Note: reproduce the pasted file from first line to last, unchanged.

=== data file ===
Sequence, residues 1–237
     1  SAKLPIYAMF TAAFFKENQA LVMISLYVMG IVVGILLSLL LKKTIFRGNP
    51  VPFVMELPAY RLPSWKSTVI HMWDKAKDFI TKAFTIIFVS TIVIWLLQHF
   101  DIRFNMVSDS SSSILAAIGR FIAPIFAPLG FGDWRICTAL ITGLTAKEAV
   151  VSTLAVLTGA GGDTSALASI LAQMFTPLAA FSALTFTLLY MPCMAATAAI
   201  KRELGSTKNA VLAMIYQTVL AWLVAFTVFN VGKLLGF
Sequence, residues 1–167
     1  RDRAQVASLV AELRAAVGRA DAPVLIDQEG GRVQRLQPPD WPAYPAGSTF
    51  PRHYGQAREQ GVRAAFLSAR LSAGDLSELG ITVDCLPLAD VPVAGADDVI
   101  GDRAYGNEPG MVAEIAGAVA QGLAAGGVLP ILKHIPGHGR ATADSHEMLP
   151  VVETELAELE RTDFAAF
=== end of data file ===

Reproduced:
Sequence, residues 1–237
     1  SAKLPIYAMF TAAFFKENQA LVMISLYVMG IVVGILLSLL LKKTIFRGNP
    51  VPFVMELPAY RLPSWKSTVI HMWDKAKDFI TKAFTIIFVS TIVIWLLQHF
   101  DIRFNMVSDS SSSILAAIGR FIAPIFAPLG FGDWRICTAL ITGLTAKEAV
   151  VSTLAVLTGA GGDTSALASI LAQMFTPLAA FSALTFTLLY MPCMAATAAI
   201  KRELGSTKNA VLAMIYQTVL AWLVAFTVFN VGKLLGF
Sequence, residues 1–167
     1  RDRAQVASLV AELRAAVGRA DAPVLIDQEG GRVQRLQPPD WPAYPAGSTF
    51  PRHYGQAREQ GVRAAFLSAR LSAGDLSELG ITVDCLPLAD VPVAGADDVI
   101  GDRAYGNEPG MVAEIAGAVA QGLAAGGVLP ILKHIPGHGR ATADSHEMLP
   151  VVETELAELE RTDFAAF